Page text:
• Fresh plain Asian noodles – When it comes to sesame noodles, fresh egg noodles (like lo mein noodles) are better than dry noodles, IMO. See below.
  • Oyster sauce – Oyster sauce is a sweet umami sauce made with oyster juice, sugar, and salt. If you’ve never had it before, don’t worry, it doesn’t really taste like oysters. You’ll find oyster sauce in the international food aisle at the grocery store, or at Asian supermarkets.
  • Sesame oil – Sesame oil perfectly rounds out the flavors in this noodle recipe. Try not to skip it! If you don’t have any, however, canola oil works in a pinch.
  • Scallions – Freshly chopped green onions. You can also use chives.

What Are the Best Noodles for Sesame Noodles?

I like to make my sesame noodles with fresh Asian noodles from the refrigerated section of the grocery store. Fresh noodles are more slippery, and won’t soak up so much of the dressing. If you can’t find traditional Asian noodles, however, you can make this sesame noodle recipe with pretty much any noodle, fresh or dried.

Learn more about the Types of Noodles Used in Chinese Cooking.

Overhead view of sesame noodles in a large bowl with serving utensils.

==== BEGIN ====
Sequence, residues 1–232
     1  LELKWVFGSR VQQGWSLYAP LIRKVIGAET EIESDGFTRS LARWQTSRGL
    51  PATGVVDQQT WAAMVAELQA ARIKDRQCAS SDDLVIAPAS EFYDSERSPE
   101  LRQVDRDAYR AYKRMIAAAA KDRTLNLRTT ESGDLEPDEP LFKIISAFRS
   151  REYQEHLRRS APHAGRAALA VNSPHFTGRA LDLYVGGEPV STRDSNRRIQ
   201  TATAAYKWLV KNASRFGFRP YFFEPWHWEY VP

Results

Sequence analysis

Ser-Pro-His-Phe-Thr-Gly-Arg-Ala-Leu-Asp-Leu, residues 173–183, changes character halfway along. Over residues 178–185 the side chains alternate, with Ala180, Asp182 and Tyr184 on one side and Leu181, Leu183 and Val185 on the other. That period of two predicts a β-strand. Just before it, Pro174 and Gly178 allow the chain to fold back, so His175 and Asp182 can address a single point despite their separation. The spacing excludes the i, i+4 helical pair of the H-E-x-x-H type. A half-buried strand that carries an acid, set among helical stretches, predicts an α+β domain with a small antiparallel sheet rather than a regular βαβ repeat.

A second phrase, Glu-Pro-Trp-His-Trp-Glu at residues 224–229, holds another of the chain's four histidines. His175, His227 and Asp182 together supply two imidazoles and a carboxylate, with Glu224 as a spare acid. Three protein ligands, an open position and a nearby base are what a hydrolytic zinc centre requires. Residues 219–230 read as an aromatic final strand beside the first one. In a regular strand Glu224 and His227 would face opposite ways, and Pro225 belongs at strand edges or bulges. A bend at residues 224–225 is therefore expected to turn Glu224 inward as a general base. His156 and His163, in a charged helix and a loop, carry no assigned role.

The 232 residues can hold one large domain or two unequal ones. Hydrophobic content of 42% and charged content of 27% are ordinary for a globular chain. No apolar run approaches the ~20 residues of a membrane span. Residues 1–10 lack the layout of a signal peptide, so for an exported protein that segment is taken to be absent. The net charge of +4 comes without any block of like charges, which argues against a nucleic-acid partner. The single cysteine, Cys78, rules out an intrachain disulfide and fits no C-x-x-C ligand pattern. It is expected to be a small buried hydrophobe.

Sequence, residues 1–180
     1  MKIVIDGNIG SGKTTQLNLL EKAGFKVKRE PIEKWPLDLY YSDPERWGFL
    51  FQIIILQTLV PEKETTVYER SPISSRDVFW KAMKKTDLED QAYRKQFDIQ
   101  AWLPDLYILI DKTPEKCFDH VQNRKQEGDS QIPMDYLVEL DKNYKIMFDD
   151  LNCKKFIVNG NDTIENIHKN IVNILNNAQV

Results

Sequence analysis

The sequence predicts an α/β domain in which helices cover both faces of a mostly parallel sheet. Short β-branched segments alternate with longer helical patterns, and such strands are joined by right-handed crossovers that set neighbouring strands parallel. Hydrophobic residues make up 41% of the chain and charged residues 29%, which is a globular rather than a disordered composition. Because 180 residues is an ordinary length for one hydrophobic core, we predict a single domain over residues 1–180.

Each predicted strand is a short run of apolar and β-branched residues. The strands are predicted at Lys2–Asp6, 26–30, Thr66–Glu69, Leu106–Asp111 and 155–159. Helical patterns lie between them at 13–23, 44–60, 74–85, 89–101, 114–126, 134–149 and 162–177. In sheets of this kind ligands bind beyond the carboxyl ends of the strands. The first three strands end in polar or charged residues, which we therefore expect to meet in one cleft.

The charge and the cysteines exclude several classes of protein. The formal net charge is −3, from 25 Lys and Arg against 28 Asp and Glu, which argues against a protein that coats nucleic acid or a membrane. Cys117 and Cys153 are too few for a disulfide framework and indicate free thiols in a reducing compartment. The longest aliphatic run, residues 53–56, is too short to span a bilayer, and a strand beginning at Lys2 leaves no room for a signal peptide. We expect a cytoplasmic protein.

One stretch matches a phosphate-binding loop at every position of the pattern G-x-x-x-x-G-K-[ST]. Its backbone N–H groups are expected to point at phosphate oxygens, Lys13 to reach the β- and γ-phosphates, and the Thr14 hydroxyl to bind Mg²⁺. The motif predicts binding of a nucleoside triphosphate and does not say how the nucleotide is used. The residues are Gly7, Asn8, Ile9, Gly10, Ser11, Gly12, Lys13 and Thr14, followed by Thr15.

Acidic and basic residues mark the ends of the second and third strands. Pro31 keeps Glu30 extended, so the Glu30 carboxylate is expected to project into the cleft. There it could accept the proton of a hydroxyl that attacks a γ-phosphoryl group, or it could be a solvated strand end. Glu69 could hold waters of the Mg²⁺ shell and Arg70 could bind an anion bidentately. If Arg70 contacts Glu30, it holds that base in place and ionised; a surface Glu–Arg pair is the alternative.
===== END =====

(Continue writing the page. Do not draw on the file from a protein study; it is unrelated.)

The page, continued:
How to Make Cold Sesame Noodles

This is the kind of cold noodle recipe that’s perfect for meal prep. Here’s a step-by-step showing what you’ll need to do. Scroll to the recipe card for printable instructions.

  • Cook the noodles. Bring a large pot of water to a boil and cook the noodles according to the package instructions.
  • Prep the veggies. Slice the vegetables and place them in a large bowl. Refrigerate the veggies until you’re ready to assemble the salad.
  • Cool the noodles. Drain the noodles in a colander, then run cold water over them to cool them down. Alternatively, you can put them in the freezer or fridge to cool them faster. Drain off any excess water.
  • Assemble. Add the noodles to the bowl with the vegetables and toss everything with the oyster sauce and sesame oil.
  • Chill. Return the bowl to the refrigerator and chill for 2 to 3 hours.